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Write Your Business Plan

How to Use Your Business Plan to Track Performance By regularly referencing your plan, you can gauge your company's health and make necessary adjustments.

By Eric Butow

Key Takeaways

  • Using your business plan to monitor performance
  • Business plans help you spot trouble, understand pressure points, and monitor cash flow.

Opinions expressed by Entrepreneur contributors are their own.

This is part 8 / 11 of Write Your Business Plan: Section 2: Putting Your Business Plan to Work series.

A business plan doesn't have to end up on the shelf once you start your company. You can use it to track your company's performance regularly. By comparing plan projections with actual results, you gain a deeper understanding of your business's pressure points or the components of your operation that have the most effect on results.

"When you review your actual results against your plan, look for problems and opportunities. If sales aren't meeting expectations, think about your marketing and sales strategies and if you should refine those. Maybe you should adjust your spending and refine your expense budget moving forward," says Noah Parsons, COO at Palo Alto Software.

"On the other hand, maybe part of your business is doing better than expected. You might want to consider focusing more on that part of the business or using excess revenue in one area to fund development or marketing in another area."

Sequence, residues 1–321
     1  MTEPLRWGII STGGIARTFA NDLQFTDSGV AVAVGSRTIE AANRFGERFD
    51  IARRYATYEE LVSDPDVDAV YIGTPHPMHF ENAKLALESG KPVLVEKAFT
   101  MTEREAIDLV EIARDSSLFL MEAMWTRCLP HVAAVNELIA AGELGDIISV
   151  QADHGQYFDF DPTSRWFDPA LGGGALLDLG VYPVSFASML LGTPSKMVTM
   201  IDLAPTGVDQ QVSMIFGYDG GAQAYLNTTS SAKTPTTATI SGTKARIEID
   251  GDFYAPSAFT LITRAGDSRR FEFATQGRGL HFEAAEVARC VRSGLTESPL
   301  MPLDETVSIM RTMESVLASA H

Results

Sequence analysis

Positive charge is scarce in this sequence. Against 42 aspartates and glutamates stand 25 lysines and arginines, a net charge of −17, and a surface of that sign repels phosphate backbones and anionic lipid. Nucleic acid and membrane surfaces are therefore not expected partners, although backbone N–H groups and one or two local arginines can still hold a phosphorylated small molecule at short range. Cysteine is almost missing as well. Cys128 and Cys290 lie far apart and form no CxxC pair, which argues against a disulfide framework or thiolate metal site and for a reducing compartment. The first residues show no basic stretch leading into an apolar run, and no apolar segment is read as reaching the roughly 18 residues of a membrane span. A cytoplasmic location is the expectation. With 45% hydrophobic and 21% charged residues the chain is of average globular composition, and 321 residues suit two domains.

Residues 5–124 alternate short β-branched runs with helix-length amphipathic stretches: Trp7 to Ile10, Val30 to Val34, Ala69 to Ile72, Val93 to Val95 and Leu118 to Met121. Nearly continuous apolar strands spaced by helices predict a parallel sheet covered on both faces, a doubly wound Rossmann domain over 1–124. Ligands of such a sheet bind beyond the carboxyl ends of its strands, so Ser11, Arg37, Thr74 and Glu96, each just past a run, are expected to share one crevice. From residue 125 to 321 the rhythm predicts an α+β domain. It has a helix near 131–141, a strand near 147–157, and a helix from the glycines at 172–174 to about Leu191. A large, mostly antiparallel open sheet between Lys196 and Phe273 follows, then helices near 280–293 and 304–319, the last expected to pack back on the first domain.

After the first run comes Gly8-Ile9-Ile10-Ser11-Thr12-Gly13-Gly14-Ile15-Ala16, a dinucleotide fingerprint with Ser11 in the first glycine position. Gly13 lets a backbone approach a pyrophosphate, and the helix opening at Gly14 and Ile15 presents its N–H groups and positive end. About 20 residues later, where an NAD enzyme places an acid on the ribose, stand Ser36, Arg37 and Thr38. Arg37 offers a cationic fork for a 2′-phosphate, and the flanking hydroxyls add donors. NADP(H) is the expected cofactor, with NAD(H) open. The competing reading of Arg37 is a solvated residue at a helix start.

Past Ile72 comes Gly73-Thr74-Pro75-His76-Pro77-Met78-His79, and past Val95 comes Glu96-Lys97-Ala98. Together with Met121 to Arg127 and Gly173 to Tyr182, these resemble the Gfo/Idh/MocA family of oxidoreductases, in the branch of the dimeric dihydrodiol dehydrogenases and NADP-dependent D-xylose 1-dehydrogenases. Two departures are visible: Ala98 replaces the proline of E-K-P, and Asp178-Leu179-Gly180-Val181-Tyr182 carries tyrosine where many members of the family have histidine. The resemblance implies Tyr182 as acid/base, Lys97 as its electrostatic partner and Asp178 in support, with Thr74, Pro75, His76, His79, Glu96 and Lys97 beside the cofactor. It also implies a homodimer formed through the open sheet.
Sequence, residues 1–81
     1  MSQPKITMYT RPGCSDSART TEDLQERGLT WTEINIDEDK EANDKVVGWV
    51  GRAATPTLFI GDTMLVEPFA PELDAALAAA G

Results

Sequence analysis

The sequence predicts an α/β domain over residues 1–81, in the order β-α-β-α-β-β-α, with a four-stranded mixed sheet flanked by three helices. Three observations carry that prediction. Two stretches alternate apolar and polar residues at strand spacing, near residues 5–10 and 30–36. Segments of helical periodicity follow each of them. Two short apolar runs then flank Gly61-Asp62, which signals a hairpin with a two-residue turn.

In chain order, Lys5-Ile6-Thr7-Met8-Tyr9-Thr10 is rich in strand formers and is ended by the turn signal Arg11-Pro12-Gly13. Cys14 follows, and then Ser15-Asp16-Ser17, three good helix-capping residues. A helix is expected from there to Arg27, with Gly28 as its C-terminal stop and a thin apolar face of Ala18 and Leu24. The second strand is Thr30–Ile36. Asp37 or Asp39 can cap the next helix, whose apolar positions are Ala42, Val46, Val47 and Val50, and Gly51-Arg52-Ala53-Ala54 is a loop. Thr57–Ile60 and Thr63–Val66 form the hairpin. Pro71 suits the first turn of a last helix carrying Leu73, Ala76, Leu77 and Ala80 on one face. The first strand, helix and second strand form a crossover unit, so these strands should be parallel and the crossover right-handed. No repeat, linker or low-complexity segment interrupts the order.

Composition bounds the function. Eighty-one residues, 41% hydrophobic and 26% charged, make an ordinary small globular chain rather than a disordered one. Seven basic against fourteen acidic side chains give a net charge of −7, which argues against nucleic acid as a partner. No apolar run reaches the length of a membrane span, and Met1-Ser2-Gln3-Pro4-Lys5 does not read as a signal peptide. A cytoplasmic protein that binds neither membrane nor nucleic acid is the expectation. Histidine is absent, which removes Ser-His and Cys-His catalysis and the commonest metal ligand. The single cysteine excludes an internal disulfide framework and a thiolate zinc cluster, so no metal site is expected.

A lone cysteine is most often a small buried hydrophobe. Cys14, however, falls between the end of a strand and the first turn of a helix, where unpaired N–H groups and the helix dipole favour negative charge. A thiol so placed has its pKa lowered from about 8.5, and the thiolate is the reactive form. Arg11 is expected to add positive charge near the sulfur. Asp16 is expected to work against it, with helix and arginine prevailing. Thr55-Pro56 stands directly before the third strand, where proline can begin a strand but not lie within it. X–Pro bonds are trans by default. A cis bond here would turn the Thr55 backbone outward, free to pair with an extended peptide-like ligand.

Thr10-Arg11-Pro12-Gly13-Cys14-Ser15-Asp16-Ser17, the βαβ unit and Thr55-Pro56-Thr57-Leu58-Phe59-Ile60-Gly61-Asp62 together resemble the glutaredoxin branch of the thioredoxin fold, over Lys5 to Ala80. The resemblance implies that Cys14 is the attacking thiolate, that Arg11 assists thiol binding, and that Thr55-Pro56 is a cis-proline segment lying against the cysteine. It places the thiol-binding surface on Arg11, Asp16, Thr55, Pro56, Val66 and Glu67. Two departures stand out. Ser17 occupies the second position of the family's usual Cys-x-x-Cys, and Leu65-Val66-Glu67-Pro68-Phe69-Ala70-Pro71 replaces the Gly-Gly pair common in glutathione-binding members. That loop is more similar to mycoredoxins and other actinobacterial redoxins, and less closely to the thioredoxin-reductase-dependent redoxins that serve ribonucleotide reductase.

Here are some ways your business plan can help give insights into your company's health.

Related: How to Use Your Business Plan Most Effectively

Spotting Trouble Early

You don't have to be a wizard to get some solid hints about the future beyond tomorrow, especially when it comes to the operations of your own business. You can look at virtually any page of your business plan and find a meaningful concept or number describing some expected future event that may hint at future trouble if it turns out to be diverging from reality.

Say your profit margins are shrinking slowly but steadily, and the trend seems irreversible. If you notice that within a few months, your declining margins will push your break-even point too high to live with, you can act now to fix the problem. You may need to add a new, higher-margin product, eliminate an old one, or begin stressing marketing to a more profitable clientele. All these moves, and many more you could take, have a good chance of working if your careful comparison of plan projections with actual results warns you of impending danger. Use the projections in your business plan as guideposts as you move forward.

Related: When Is the Best Time to Write Your Business Plan?

Understanding Pressure Points

Not all tips that come from comparing plans with results have to do with avoiding danger. Some help you to identify profit opportunities. Others may show how seemingly minor tweaks can produce outsized improvements in sales or profitability.

For example, the plan for a one-person professional service business indicated that rising sales were not, in general, accompanied by rising costs. Fixed items such as office rent and insurance stayed the same, and even semivariable costs such as electric bills will vary only slightly. The bulk of any extra business went straight to the bottom line, showing up as profit improvement. But one cost that didn't seem especially variable went up sharply as business volume climbed. That was the number of transactions.